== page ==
Flip the disposer over and unscrew the electrical cover plate on the bottom of the disposer by removing the cover plate screw. Again, be sure the power to the unit has been turned off at the electrical supply panel. Then disconnect the electrical cable connector. Pull out the wires and remove the wire nuts. Also unscrew the ground wire from the green ground screw. Be sure to save the electrical cable connector so you can use it again.
Garbage disposal units have standard hook-ups that are present on all models from every manufacturer. They all have an inlet and an outlet and a dishwasher inlet on the side, and a disposal unit can leak in those areas. If the body of the unit is leaking, the unit must be replaced, but other leaks in a disposal unit can be repaired by a do-it-yourselfer who has basic skills.
At one point, I did have a leak that I eventually determined was due to improper installation. (This was by the same "professional" plumber who reversed the hot and cold supply lines when installing a kitchen faucet. He just didn't connect the drain hose properly.) While investigating the issue, I called Waste King to inquire about possible in-home service or warranty replacement. I was blown away by their level of customer service: no waiting on hold, just an immediate connection to a person who really knew the product and was unexpectedly diligent in resolving my problem -- which, as it turns out, wasn't even their fault.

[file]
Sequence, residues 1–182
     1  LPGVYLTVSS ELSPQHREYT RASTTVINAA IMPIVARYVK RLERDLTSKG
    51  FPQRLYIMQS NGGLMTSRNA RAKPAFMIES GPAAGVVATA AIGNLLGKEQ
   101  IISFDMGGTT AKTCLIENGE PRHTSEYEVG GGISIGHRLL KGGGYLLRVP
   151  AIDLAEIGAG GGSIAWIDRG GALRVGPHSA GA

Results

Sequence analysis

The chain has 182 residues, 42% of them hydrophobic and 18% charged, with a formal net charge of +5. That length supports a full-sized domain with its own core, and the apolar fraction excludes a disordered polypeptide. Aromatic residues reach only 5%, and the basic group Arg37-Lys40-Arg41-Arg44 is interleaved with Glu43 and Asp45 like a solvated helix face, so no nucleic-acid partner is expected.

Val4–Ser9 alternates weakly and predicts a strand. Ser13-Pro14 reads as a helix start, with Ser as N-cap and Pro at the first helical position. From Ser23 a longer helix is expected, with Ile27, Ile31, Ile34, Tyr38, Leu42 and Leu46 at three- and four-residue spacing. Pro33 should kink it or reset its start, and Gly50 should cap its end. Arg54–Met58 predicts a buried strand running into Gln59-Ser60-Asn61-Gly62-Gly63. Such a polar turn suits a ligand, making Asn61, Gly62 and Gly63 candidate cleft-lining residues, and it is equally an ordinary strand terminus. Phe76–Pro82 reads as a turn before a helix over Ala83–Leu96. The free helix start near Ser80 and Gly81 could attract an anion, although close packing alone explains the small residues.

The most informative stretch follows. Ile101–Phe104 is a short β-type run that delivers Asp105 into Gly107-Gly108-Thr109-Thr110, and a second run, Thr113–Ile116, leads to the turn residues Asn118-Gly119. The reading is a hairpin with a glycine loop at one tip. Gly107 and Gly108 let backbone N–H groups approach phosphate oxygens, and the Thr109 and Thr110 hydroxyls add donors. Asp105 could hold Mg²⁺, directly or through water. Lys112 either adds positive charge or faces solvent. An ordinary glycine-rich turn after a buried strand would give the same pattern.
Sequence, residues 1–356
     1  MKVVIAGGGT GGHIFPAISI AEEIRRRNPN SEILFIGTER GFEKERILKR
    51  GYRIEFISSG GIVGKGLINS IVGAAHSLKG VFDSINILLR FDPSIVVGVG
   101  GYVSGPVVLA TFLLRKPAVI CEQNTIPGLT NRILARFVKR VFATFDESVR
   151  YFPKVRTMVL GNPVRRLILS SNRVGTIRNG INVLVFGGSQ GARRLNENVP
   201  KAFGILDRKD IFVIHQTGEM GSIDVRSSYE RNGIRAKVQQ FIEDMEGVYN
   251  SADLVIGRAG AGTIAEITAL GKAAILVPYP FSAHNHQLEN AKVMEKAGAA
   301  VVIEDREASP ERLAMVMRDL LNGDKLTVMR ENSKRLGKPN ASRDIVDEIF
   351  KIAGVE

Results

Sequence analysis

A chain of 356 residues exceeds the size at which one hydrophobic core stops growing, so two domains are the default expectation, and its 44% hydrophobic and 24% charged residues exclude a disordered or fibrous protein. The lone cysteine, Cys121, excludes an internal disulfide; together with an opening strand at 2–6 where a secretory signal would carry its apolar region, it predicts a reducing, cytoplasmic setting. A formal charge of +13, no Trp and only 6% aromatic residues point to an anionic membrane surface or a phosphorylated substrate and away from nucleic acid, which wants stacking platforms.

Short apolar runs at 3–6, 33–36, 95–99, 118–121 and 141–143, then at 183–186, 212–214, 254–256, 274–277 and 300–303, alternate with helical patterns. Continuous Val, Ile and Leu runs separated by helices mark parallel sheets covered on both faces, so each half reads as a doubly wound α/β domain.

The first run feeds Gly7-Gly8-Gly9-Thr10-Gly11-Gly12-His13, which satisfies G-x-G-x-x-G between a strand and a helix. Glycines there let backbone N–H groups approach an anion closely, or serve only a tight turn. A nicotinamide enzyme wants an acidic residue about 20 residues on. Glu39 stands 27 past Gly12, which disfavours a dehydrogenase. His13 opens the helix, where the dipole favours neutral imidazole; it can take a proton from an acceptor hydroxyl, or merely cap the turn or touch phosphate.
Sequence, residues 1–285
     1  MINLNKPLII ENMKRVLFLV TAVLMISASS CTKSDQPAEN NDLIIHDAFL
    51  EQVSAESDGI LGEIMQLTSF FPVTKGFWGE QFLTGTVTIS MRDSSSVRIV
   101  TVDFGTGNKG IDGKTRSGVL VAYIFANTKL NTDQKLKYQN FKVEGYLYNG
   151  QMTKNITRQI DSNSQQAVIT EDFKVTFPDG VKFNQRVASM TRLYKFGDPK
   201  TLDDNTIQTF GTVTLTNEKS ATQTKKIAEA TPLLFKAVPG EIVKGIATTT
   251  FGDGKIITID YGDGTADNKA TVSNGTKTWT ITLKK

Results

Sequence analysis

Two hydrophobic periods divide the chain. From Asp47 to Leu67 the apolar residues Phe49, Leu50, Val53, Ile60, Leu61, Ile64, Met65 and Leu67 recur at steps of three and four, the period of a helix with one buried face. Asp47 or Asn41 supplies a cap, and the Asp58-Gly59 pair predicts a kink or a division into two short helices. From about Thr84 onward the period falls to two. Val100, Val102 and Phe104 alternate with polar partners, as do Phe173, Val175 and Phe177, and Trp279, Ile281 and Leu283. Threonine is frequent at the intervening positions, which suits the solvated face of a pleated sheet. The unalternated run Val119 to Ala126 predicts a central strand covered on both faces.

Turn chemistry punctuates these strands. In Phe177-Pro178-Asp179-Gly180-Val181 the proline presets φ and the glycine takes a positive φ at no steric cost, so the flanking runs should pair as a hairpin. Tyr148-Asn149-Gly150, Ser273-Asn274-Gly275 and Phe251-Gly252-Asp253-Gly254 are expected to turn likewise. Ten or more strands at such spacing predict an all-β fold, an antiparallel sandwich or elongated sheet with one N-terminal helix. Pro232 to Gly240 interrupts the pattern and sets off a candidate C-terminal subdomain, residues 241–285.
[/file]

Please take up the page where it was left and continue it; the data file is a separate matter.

Another common cause for a leaking garbage disposal is the disposal flange. A leak at the very most upper area of the garbage disposal could be the garbage disposal flange which goes through the sink. A garbage disposal flange should be sealed with Plumber’s putty and then tightened from underneath the sink. If this is not tight enough or if it has managed to come loose (which can happen) then the garbage disposal will have to be taken down so the flange can be resealed and then the garbage disposal can be rehung.

Garbage Disposal

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